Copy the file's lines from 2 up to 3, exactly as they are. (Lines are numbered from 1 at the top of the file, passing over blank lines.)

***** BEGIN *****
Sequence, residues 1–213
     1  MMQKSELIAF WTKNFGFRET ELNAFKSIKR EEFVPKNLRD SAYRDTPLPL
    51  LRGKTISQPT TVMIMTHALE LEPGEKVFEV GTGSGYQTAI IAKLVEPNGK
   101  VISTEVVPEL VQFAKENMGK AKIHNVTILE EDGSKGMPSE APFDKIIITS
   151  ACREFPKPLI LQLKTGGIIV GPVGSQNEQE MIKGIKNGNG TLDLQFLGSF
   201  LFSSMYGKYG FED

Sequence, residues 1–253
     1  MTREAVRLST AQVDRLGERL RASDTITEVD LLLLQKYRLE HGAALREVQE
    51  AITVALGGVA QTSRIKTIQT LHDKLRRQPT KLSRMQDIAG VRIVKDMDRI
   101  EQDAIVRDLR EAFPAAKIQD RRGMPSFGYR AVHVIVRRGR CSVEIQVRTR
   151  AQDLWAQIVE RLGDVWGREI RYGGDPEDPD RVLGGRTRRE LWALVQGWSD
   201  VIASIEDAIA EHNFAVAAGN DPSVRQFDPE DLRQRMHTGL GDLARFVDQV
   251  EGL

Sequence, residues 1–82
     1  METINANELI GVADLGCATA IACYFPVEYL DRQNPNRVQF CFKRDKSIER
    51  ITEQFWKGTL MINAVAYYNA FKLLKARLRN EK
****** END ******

     1  MMQKSELIAF WTKNFGFRET ELNAFKSIKR EEFVPKNLRD SAYRDTPLPL
    51  LRGKTISQPT TVMIMTHALE LEPGEKVFEV GTGSGYQTAI IAKLVEPNGK